But here is the really worrisome problem. One of the things he fears most is losing you. I wish I could say the reason for this is because he really loves you, and he may, but the truth is that losing you would represent more weakness and failure on his part. He can’t afford to face that, so he is now in the mode of doing whatever he can to restrict your ability to stand on your own two feet. No going to your sister’s, no using the car unless he says you can. This is likely the start of a progressive pattern to isolate you and make you dependant on him so that you won’t be able to leave him, even if you wanted to. In a word, this is now all about control. In extreme cases, this need to control leads to stalking and severe physical violence that can be fatal for people in your situation.

Anger Management Courses - Anger Versus Control

I understand that you think you still love him, but sometimes love isn’t enough, especially when it tricks you into thinking that if you just stay and work harder on keeping him happy he will eventually get better. Believe me, once you slide into that mentality you will end up just as sick as he is; maybe even worse. The situation isn’t completely hopeless, but if the relationship is to have even a small chance of succeeding, you have some hard choices to make, and you must make them soon. IF, under all that fear and anger, he really does love you, he might be motivated to change in order to keep you in his life. Up to now, he has been accustomed to using anger, fear and even physical domination to intimidate you into submission. And he will continue to do those things over and over and over again as long as you let him get away with it. However, if you are willing to stand up to him, using a variety of options that are accessible to you, his overwhelming desire to keep you in his life might be a motivator for change. The options are not easy or simple. They include:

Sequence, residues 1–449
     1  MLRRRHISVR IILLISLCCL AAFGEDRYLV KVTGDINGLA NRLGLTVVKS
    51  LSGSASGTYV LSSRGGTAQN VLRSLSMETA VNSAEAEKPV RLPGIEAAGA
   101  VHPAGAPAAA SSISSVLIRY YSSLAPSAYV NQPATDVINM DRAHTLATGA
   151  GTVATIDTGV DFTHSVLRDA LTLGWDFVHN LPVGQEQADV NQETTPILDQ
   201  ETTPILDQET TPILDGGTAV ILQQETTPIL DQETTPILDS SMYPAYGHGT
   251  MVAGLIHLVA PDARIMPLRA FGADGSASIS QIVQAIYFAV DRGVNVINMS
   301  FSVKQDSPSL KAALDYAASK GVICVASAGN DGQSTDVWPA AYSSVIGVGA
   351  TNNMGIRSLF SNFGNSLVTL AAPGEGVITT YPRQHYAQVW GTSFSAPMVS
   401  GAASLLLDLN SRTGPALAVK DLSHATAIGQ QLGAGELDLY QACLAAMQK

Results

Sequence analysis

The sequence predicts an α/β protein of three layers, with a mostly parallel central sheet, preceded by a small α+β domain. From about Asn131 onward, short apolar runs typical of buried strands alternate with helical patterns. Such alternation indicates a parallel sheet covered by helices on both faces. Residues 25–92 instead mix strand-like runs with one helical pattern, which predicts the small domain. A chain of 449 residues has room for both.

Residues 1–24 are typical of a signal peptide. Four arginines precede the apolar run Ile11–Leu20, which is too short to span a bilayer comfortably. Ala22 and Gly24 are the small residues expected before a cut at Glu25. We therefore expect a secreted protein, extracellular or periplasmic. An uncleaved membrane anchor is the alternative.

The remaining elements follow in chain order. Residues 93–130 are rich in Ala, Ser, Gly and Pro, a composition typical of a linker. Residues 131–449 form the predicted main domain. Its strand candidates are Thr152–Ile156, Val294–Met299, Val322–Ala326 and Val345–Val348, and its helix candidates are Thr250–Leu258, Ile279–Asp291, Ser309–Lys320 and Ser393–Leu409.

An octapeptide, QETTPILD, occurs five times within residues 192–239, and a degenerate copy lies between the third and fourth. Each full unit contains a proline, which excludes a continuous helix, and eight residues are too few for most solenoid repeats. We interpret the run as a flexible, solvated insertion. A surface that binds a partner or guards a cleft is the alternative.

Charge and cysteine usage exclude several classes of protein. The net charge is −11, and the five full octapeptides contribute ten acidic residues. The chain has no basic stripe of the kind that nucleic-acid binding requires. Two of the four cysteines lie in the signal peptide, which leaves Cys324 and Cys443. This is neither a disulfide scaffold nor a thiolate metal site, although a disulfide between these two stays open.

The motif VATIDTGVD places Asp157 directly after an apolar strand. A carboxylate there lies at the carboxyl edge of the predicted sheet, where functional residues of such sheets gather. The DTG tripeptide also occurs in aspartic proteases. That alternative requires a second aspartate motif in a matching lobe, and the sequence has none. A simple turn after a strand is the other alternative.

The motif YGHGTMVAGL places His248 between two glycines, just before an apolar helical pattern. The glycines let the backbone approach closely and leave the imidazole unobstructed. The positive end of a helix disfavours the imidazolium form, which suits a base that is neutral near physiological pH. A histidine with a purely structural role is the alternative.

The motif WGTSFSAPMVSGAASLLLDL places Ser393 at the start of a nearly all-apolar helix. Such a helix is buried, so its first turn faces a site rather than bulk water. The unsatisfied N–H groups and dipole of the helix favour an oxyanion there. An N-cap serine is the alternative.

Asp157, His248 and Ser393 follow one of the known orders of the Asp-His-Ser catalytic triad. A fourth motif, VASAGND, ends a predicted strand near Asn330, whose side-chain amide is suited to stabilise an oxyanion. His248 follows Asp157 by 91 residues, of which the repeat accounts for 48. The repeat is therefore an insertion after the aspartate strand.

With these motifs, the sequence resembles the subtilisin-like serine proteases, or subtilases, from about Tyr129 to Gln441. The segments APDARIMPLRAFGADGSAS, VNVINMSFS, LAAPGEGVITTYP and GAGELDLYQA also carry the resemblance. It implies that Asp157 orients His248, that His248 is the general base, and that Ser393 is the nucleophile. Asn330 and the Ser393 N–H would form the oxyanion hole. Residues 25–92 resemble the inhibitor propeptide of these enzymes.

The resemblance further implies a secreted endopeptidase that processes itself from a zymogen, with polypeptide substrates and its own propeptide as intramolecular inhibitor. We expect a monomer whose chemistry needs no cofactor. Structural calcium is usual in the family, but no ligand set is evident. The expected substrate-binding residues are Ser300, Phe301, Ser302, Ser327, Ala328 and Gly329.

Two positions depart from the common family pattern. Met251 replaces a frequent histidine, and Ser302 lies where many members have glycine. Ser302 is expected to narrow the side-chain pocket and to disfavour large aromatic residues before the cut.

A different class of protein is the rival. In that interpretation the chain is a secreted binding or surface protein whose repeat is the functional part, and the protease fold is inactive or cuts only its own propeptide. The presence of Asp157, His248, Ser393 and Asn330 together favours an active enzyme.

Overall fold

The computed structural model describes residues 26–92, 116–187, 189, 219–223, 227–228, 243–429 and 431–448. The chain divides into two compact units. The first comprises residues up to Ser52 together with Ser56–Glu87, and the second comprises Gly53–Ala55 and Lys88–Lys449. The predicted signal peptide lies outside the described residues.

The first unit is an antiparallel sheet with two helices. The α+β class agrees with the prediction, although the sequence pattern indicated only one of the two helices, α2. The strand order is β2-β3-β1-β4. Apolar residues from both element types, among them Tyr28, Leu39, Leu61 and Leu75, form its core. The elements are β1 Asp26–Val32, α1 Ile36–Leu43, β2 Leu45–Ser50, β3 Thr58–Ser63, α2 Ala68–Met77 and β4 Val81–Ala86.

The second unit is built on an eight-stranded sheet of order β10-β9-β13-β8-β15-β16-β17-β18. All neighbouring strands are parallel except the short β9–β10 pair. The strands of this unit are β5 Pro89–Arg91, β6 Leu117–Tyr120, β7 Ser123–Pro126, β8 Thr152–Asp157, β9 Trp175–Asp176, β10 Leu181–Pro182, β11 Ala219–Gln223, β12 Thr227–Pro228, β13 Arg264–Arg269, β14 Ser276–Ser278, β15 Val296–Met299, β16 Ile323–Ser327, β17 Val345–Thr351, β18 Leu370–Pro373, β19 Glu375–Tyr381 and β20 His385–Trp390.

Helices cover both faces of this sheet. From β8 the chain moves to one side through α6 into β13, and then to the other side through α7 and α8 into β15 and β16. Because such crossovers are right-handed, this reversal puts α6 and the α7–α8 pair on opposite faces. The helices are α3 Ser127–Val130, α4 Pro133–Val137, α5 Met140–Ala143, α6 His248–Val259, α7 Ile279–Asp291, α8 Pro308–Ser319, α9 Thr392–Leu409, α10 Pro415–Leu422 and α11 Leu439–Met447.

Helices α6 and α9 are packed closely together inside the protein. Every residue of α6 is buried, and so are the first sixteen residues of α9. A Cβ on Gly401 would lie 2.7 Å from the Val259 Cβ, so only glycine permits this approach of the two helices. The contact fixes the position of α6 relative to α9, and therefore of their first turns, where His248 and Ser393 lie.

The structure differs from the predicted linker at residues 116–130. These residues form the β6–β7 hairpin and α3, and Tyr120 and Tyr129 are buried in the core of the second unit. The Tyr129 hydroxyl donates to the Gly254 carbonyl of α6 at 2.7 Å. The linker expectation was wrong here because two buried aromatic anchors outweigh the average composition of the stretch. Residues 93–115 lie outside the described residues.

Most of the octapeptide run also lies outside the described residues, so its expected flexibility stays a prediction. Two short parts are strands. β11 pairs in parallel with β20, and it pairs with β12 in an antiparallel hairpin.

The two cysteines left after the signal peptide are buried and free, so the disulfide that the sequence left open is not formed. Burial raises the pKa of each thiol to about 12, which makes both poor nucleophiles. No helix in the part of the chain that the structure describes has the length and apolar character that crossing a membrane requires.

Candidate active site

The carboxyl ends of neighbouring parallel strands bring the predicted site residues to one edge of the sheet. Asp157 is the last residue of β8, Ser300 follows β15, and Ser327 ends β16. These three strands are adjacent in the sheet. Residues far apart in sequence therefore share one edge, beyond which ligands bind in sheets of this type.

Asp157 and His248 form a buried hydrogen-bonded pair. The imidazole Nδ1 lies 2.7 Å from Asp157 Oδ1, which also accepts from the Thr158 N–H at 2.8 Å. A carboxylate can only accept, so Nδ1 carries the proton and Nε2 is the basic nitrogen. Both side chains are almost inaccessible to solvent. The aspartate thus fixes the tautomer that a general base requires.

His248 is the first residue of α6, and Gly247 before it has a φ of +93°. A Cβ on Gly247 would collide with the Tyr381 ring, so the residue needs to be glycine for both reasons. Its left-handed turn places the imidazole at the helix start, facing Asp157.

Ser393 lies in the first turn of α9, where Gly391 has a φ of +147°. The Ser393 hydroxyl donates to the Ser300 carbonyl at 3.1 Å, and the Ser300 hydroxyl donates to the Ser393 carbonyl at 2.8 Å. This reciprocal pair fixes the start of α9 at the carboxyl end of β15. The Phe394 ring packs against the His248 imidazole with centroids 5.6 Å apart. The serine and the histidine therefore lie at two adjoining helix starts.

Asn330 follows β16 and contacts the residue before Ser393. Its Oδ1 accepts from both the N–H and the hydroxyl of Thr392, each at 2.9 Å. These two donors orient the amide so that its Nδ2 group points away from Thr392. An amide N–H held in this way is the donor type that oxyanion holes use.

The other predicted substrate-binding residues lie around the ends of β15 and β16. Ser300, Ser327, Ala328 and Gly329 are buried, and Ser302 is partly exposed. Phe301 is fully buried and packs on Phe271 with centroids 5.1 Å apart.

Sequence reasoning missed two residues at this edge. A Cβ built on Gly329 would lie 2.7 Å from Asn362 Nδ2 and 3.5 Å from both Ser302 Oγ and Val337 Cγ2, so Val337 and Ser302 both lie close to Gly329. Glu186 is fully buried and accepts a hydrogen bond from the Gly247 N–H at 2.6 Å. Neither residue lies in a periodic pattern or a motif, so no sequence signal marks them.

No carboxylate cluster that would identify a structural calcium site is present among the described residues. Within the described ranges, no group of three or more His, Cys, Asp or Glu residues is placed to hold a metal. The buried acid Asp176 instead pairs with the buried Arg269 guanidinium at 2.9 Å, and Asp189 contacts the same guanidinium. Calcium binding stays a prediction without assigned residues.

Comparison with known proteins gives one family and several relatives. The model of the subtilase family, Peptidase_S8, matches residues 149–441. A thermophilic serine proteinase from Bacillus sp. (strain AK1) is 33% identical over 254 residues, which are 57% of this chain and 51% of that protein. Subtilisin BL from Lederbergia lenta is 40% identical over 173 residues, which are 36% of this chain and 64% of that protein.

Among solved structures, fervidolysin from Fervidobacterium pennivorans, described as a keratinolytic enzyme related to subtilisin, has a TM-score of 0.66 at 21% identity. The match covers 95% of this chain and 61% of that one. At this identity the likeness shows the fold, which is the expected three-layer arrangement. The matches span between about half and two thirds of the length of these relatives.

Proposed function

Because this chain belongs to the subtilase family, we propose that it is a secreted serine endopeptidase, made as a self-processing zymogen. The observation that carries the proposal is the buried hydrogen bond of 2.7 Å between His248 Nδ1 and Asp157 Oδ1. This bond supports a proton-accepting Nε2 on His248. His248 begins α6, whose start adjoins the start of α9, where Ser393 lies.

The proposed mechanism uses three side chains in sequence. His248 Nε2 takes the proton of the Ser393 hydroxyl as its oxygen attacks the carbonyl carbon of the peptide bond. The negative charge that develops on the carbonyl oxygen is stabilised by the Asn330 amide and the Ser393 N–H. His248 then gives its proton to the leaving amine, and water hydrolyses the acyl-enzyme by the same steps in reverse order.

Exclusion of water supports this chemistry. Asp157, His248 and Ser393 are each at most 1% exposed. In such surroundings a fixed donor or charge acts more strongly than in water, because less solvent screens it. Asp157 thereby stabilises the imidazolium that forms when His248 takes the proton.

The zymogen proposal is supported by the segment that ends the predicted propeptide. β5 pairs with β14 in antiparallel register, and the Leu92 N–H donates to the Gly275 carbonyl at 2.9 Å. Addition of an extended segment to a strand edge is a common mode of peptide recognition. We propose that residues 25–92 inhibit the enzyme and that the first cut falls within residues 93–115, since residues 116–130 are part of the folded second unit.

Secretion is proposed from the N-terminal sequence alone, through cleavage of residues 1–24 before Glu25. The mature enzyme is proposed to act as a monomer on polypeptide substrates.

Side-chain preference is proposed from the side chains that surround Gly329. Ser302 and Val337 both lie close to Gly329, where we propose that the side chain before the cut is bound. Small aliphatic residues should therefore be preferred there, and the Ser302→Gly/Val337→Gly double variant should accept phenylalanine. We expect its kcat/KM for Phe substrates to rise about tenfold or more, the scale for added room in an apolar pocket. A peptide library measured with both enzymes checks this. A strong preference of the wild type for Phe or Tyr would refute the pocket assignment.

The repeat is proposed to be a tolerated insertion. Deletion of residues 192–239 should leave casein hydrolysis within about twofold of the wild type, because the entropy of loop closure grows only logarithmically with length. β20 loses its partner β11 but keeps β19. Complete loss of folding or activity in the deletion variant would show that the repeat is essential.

• Calling the police and filing charges against him whenever he is violent.
  • Demanding that he leave the house and filing for a protective order to keep him out.
  • Strictly observing the rules laid out in the protective order.
  • Turning him in to the police when he violates the protective order.
  • Demanding that he receive counseling or enroll in an anger management program, assuming a judge hasn’t already done so.
  • Refusing to let him return home until he has demonstrated, over a significant length of time, that he is committed to change and has already made significant changes.
  • Filing for divorce.

Anger Management Courses - Anger Versus Control

Services for victims of family violence (which is what you are, whether you realize it or not), including temporary shelter and regular counseling, are available in most areas. It is a good idea for a woman in an abusive relationship to be in some sort of counseling or support group, even if her husband refuses. You will need wise, consistent support to hold up under the stress of making these changes. It is very easy to fall for his old charms and new sob stories, and end up letting him come home too soon. You already know what that is like. You have probably already been through it at least once. This strategy is not guaranteed to work in all situations. But it will work better than whatever it is you have been trying up to now. You are the one who must decide what you want to do next. Your focus should be on safety first, and then work on the relationship.